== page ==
Most Japanese people will know the story by the name Chushingura. However, they most likely won't be able to tell you what the word means. It’s one of those words wrapped up in religions significance that roughly means "someone who gave their lives for a greater cause, and now should be honored for it."
It's called Chusingura, because that is the name given by the three guys who wrote the bunraku puppet play that was the first "official" adaptation, Kanadehon Chūshingura, in 1748. (A few other plays had borrowed some scenes but changed the names to protect the innocent).
Since that first puppet play, Chushingura has been adapted roughly once a minute in Japan. The first kabuki production soon followed the puppet play
. The first film came out in 1907, and it has been filmed at least once a decade ever since. There have been around 21 television productions of Chushingura, and uncountable comics, books, and other adaptations.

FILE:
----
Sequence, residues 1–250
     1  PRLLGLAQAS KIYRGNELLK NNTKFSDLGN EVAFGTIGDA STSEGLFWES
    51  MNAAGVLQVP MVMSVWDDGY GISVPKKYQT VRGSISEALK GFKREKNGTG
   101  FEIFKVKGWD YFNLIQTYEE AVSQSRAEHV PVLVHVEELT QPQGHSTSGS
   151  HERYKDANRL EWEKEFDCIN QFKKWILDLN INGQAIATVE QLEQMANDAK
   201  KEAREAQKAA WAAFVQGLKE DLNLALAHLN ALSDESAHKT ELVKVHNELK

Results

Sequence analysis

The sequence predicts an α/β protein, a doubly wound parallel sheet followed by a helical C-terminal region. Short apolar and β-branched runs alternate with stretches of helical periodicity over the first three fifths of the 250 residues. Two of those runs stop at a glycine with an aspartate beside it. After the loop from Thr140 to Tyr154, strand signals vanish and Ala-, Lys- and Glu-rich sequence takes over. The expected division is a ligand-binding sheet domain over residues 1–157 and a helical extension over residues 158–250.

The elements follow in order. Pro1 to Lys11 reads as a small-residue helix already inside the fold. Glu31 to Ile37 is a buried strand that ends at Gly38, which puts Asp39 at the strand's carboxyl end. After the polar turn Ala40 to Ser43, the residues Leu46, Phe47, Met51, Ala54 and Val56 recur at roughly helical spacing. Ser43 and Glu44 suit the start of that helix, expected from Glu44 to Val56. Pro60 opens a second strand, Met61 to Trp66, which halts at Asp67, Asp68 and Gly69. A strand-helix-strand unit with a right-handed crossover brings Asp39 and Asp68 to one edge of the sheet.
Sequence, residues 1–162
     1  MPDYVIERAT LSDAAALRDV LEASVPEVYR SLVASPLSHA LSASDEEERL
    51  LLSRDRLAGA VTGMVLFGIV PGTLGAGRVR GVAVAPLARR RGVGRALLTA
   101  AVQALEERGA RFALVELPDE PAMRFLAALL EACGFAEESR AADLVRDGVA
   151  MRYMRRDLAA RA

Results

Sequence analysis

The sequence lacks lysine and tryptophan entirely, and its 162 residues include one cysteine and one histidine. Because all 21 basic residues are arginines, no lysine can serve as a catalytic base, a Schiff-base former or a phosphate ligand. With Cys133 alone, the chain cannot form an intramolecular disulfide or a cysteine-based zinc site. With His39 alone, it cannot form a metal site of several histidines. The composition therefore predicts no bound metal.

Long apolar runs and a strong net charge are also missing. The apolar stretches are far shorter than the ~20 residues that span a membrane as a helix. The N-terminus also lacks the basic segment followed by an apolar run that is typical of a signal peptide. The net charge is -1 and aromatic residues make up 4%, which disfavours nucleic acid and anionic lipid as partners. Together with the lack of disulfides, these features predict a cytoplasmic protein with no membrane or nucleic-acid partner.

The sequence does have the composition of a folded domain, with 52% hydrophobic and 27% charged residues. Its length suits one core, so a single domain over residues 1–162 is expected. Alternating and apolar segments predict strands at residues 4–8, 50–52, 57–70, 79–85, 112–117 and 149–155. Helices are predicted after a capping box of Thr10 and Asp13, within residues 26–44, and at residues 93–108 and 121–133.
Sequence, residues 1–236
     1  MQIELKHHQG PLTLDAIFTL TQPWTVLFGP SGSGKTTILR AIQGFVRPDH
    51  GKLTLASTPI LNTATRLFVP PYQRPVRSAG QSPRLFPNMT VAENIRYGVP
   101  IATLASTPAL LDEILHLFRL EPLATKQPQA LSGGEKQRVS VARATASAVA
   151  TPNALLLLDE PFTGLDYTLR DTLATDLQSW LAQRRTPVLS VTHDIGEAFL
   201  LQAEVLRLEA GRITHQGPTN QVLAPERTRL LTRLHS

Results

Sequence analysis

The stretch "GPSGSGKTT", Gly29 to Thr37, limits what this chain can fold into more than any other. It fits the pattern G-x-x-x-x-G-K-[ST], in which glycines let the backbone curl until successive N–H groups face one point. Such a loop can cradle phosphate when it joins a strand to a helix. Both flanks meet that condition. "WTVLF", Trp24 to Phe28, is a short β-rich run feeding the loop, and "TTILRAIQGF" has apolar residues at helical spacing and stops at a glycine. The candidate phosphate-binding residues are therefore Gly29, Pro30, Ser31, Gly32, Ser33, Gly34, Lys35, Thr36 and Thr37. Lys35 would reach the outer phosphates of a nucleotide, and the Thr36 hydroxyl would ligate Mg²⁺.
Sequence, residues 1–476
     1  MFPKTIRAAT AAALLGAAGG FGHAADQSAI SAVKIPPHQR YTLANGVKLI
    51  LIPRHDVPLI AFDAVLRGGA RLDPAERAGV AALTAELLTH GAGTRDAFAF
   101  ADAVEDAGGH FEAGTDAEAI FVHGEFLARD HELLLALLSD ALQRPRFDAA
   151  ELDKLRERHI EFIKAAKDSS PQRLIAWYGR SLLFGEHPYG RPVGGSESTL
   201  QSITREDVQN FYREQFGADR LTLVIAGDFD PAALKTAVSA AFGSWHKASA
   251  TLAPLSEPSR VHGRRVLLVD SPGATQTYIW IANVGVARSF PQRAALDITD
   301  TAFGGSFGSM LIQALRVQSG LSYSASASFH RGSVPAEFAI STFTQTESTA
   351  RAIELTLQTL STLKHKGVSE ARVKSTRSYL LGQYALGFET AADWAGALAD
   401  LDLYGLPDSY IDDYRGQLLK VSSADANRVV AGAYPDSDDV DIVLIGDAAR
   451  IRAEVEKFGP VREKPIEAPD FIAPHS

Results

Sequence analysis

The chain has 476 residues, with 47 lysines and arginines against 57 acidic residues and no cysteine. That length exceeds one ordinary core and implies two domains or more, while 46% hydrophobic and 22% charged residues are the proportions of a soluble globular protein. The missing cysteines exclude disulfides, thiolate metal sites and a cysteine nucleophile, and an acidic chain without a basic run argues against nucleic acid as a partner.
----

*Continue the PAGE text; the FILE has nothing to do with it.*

Jefferson Airplane even has a song called Chushingura. There is no word on whether this will show up in the Keanu Reeves flick or not.
Bonus Ghost Story Connection!
So if only 47 ronin stayed loyal to their lord, what happened to the other 453 or so? Well, at least one of them, Iemon, set himself up as an umbrella maker before marrying Oiwa—and thus entering into one of Japan’s other famous stories, the ghost/revenge drama known as Yotsuya Kaidan.
If fact, originally kabuki productions of Chushingura and Yotsuya Kaidan were performed as a linked double-feature, a practice that has fallen out of fashion today.
Want to learn more?
Of course, this is just the briefest of run-downs of the many versions of47 Ronin. There are entire books written on the subject—multiple books actually—not to mention the countless adaptations.
Several film adaptations can be found on American DVD releases. Inagaki Hiroshi’s 1963 Chushingura is probably the most famous, due to the presence of superstar Mifune Toshiro. Watanabe Kunio’s 1958 The Loyal 47 Ronin is another popular version, with Zatoichi star Katsu Shintaro. Kon Ichikawa’s 47 Ronin from 1994 is a more humanist take on the story. All of those are great flicks.
Or you could even see Ronin, the 1998 Robert de Niro / Jean Reno action flick, which is awesome and gives a short run-down of the story.
For books, you can’t do better than Samurai-scholar Stephen Turnbull’s The Revenge of the 47 Ronin – Edo 1703. There are lots of fictional accounts, but Turnbull has the facts for you, and is a great place to start.
And of course—read Dark Horse’s comic version!